An intraocular lens (IOL) is a tiny, lightweight, clear plastic or silicone disc placed in the eye during cataract surgery. An IOL replaces the focusing power of the eye’s natural lens.
Your eye’s natural lens plays an important role in focusing images on the retina. When a cataract develops, the lens loses its clarity. Light rays cannot focus clearly, and the image you see is blurry. Eyeglasses or contact lenses usually can correct slight refractive errors caused by early cataracts, but they cannot sharpen your vision if an advanced cataract is present.
The only treatment for a severe cataract is to remove the eye’s natural lens and replace it with an IOL. Intraocular lenses offer many advantages. Most commonly, a fixed focus foldable lens is used to provide optimum correction for distance vision. ‘Premiere’ IOLs are available to correct astigmatism (Toric IOLs), or to help minimize the dependency on glasses for both distance and reading (Multifocal or Accommodative IOLs.) Unlike contact lenses, which must be removed, cleaned, and reinserted, the IOL remains in the eye after surgery.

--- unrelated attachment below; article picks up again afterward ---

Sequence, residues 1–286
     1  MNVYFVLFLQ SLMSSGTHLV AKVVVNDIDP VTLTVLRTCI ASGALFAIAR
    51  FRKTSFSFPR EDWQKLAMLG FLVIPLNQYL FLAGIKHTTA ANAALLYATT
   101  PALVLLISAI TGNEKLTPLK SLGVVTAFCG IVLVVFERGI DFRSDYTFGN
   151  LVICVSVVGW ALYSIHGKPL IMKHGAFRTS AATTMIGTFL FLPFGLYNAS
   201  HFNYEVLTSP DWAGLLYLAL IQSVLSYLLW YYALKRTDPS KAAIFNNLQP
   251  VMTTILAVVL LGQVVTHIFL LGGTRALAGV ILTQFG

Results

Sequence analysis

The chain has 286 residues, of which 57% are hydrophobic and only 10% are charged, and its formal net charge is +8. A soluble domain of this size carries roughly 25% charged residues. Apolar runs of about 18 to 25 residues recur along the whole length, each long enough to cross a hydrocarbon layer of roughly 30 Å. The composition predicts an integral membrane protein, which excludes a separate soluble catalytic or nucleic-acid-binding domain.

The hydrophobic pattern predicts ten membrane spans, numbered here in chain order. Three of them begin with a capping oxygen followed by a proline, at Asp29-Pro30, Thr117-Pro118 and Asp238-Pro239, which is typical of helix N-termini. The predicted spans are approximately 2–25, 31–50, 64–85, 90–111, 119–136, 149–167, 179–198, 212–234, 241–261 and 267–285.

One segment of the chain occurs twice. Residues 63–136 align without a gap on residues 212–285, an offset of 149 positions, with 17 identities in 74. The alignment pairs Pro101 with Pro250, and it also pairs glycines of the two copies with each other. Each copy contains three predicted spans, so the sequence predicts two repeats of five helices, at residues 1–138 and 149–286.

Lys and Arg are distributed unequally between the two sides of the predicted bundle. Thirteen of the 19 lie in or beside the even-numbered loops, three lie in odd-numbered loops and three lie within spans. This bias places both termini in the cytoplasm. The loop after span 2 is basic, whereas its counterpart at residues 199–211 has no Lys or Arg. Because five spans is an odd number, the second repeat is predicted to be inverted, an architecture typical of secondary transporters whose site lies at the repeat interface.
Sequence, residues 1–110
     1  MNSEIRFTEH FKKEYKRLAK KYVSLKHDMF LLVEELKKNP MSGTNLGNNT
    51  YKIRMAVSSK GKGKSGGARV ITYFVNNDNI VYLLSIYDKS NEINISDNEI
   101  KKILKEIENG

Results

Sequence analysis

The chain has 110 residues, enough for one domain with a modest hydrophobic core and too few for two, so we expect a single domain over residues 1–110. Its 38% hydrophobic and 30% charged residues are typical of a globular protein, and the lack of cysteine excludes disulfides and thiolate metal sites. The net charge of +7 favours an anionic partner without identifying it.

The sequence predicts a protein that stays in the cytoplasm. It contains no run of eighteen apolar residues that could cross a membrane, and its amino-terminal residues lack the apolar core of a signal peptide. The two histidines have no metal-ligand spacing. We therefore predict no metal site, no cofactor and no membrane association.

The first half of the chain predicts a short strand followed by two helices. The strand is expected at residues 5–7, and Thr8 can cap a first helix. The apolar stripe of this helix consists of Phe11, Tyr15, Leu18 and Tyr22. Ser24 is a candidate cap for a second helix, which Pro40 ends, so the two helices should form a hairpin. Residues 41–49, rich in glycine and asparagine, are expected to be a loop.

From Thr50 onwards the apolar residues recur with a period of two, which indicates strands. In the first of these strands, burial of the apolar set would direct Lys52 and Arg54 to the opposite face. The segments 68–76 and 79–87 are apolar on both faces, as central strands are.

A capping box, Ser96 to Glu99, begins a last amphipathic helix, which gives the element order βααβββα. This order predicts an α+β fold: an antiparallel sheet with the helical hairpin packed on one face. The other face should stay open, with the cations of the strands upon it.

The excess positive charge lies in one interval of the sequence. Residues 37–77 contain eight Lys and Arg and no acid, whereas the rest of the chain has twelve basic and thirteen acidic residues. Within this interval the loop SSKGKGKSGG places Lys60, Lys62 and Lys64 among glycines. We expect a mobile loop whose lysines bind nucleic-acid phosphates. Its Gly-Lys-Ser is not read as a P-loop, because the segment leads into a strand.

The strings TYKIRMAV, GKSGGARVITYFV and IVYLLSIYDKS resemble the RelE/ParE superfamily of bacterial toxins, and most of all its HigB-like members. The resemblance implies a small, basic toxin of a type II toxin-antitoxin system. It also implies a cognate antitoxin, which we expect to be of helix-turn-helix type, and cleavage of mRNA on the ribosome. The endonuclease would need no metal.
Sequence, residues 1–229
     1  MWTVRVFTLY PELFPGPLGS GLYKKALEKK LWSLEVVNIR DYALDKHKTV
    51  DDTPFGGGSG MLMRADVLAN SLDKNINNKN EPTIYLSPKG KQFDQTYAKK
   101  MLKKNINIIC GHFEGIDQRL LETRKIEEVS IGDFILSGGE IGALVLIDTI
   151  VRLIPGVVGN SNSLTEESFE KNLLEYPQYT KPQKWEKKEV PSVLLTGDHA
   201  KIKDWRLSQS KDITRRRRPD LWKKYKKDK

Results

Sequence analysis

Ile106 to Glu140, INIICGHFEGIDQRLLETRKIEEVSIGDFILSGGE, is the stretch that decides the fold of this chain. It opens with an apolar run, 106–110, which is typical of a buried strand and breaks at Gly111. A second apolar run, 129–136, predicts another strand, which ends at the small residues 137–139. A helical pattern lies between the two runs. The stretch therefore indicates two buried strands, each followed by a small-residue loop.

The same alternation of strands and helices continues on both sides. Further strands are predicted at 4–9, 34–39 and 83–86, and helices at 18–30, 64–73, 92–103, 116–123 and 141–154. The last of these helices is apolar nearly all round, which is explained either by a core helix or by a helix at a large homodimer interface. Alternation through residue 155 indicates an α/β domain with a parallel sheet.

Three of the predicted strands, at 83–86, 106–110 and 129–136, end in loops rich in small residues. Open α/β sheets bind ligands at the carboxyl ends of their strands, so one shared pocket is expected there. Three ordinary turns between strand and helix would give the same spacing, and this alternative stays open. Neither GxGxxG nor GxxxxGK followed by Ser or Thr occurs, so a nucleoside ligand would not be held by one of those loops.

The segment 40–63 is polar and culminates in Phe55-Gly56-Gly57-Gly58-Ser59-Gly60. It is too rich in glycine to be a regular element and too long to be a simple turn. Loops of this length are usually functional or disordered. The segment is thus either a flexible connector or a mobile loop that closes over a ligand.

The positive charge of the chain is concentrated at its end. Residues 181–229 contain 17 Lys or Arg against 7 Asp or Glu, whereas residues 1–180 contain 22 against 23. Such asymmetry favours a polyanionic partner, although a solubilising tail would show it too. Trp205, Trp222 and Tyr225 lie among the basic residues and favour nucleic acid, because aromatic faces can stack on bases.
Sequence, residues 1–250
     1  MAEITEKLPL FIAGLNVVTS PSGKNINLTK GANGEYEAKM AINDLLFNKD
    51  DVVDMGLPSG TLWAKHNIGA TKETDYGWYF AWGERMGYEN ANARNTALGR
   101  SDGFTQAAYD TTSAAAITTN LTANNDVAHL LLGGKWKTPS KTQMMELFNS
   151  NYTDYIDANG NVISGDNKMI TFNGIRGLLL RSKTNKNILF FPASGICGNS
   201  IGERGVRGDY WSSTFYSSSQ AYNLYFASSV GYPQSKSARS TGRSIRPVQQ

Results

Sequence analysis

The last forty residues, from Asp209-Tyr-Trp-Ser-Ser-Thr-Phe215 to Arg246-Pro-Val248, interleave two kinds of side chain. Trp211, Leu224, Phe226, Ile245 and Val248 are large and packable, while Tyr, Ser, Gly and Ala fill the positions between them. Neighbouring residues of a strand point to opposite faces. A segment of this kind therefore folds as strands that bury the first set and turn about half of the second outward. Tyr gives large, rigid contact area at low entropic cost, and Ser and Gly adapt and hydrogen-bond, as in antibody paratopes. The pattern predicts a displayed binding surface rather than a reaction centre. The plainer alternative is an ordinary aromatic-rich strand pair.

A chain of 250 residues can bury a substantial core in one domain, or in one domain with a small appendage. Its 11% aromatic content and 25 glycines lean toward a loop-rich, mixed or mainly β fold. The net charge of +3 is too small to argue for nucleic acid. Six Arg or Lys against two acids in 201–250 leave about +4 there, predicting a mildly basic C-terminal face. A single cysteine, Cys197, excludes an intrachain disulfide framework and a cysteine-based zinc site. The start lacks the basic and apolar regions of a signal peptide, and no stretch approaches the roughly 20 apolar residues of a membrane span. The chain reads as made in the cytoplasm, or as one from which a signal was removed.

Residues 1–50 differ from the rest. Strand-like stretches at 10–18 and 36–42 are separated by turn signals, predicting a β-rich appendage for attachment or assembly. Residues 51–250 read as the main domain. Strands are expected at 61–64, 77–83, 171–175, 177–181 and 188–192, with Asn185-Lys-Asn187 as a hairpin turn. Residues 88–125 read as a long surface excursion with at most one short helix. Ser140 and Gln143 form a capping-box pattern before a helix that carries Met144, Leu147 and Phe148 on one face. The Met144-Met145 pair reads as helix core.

Aspheric lens implant (IOL)
Toric lens implant (IOL) to correct astigmatism
An IOL may be implanted either in front of or behind the iris. Behind the iris is the most frequent placement site. IOLs can be made of hard plastic, soft plastic, or soft silicone. Soft, foldable lenses can be inserted through a small incision, which shortens recovery time following surgery.
The rapid evolution of IOL designs, materials, and implant techniques has made them a safe and practical way to restore normal vision after cataract surgery.
(c) 2015, 2009 Robert M Schertzer, MD, MEd, FRCSC based on 2007 The American Academy of Ophthalmology
Tags: acrysof, Alcon, astigmatism, B&L, IOL, lens implant, toric
Categorized in: Cataract
This post was written by Rob Schertzer